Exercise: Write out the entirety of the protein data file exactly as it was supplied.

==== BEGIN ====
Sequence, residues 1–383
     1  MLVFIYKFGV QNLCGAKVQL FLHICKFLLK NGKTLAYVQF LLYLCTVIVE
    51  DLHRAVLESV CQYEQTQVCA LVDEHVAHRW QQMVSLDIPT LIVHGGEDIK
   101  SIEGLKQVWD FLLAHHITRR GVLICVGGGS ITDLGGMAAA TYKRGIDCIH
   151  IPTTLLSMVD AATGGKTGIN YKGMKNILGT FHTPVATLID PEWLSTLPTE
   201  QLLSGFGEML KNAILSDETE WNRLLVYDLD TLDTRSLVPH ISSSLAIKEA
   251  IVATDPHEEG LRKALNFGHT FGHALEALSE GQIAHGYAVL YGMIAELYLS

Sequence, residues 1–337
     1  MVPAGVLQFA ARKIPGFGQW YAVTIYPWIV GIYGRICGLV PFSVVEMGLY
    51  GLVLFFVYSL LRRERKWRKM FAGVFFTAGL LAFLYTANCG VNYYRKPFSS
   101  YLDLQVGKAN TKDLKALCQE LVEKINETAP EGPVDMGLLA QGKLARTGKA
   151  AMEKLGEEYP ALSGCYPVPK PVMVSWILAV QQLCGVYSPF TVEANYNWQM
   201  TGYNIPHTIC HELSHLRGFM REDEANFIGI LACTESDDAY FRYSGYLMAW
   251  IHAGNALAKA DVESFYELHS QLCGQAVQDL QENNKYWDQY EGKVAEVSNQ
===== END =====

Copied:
Sequence, residues 1–383
     1  MLVFIYKFGV QNLCGAKVQL FLHICKFLLK NGKTLAYVQF LLYLCTVIVE
    51  DLHRAVLESV CQYEQTQVCA LVDEHVAHRW QQMVSLDIPT LIVHGGEDIK
   101  SIEGLKQVWD FLLAHHITRR GVLICVGGGS ITDLGGMAAA TYKRGIDCIH
   151  IPTTLLSMVD AATGGKTGIN YKGMKNILGT FHTPVATLID PEWLSTLPTE
   201  QLLSGFGEML KNAILSDETE WNRLLVYDLD TLDTRSLVPH ISSSLAIKEA
   251  IVATDPHEEG LRKALNFGHT FGHALEALSE GQIAHGYAVL YGMIAELYLS

Sequence, residues 1–337
     1  MVPAGVLQFA ARKIPGFGQW YAVTIYPWIV GIYGRICGLV PFSVVEMGLY
    51  GLVLFFVYSL LRRERKWRKM FAGVFFTAGL LAFLYTANCG VNYYRKPFSS
   101  YLDLQVGKAN TKDLKALCQE LVEKINETAP EGPVDMGLLA QGKLARTGKA
   151  AMEKLGEEYP ALSGCYPVPK PVMVSWILAV QQLCGVYSPF TVEANYNWQM
   201  TGYNIPHTIC HELSHLRGFM REDEANFIGI LACTESDDAY FRYSGYLMAW
   251  IHAGNALAKA DVESFYELHS QLCGQAVQDL QENNKYWDQY EGKVAEVSNQ